Monday, January 7, 2008

Big Spending

Today I spent a lot of money. When you buy many items, you have to decide whether the basic model meets your needs or you want extra bells and whistles. In most cases, add-ons aren't really worth it, but sometimes you find that the money you could save doesn't compensate for the frustrations of using something that doesn't quite do everything you wanted.

I got glasses the summer I turned eight. My vision has finally stabilized, but my myopia and astigmatism are pretty severe. When you go to price glasses, clerks ask to see your prescription so they can tell you what the lenses will cost. Often, the response after they look at it is, "Oh. Oh, wow." I can't function without my glasses, and I wear them pretty much every waking minute.

I'm willing to spend more to get glasses I like. Shatter resistant polycarbonate lenses and Transitions lenses that get dark in sunlight are a priority for me. I tried going back to ordinary lenses, and I spent a year wishing I hadn't. The less expensive lenses were a daily annoyance, and I resolved to stick with the pricier but superior option. Is this lifestyle inflation? Sure. Does that bother me? Nope. When I consider the cost per wearing, getting the glasses I want is the only sensible choice.

I've been wearing my current glasses for two and a half years, probably for an average of sixteen hours a day. Since my vision is no longer changing much at all, I'll almost certainly keep the new pair for at least two years. Getting polycarbonate and Transitions instead of basic plastic added $110 to the costs. I'll gladly spend an extra fifteen cents a day.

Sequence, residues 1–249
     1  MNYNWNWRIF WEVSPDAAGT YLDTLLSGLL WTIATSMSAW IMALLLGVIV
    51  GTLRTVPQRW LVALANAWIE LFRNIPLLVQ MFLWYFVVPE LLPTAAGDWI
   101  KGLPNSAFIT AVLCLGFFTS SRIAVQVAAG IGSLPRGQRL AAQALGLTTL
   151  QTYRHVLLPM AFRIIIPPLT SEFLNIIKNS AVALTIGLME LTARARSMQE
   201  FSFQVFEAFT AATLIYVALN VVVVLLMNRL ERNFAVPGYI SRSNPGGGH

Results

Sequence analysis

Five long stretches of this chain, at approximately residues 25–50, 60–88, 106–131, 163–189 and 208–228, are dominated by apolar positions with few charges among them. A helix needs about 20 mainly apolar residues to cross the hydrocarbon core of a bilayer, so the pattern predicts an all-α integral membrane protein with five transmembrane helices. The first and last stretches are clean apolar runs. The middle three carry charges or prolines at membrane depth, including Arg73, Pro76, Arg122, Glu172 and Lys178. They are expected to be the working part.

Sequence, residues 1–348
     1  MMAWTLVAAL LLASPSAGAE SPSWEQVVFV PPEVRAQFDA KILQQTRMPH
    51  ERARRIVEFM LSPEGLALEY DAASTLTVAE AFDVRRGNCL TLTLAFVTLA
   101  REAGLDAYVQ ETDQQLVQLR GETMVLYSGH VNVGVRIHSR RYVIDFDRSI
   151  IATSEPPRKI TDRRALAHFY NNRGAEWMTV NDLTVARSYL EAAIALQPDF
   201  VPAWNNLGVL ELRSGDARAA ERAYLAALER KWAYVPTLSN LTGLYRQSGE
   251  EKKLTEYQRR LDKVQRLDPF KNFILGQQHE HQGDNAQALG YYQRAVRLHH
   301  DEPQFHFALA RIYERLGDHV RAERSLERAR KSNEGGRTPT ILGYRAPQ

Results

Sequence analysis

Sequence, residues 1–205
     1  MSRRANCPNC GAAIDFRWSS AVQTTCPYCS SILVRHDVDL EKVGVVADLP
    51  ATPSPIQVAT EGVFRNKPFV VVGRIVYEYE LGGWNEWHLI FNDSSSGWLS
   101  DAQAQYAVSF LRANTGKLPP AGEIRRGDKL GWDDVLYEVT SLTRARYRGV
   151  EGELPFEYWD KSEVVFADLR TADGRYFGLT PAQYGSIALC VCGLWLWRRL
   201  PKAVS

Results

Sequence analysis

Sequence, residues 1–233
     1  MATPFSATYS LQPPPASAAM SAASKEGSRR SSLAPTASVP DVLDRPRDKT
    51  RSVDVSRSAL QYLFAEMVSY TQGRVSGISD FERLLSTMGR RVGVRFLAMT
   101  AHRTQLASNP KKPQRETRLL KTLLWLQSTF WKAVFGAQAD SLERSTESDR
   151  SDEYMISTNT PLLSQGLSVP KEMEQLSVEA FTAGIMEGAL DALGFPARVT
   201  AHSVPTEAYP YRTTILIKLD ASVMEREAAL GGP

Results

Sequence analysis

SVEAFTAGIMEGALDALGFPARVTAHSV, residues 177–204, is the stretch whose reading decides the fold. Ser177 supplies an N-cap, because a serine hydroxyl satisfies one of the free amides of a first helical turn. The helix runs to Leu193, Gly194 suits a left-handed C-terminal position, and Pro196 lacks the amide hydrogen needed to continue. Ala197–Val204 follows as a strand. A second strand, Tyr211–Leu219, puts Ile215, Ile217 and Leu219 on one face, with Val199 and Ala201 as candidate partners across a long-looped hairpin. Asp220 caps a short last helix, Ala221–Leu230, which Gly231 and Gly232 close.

4 comments:

Mrs. Micah said...

I understand. There are some basics in life which we use so often that it's nice to invest in something which will make our daily lives better.

Jim ~ mydebtblog.com said...

I'm lucky I no longer require glasses with my vision. I was born with nystagmus and one eye is 20/20 while the other is 200/20. The eye doctors are surprised at my range of vision, well over 180 degree field of view with one eye. No problem driving however I do lack depth perception so night time is a little difficult.

My wife wears glasses and we spend the extra on higher quality lenses. She got some nice frames too since she is going to have this pair for awhile. At the same time she wears contacts and those only last about 2 weeks per pair. She can go 2-3 months at a time. Vision is important though and I'm glad I at least have some vision insurance to help cover the costs.

Ms. MiniDucky said...

It took me a while to understand the same choice that BoyDucky made about his glasses, but it's such a frequently used item that it makes sense now.

E.C. said...

Jim-
Vision insurance is very handy. This is the first year we've had it, and our total out of pocket cost for the eye exam and the glasses was $160. My mother insisted on reimbursing me for that.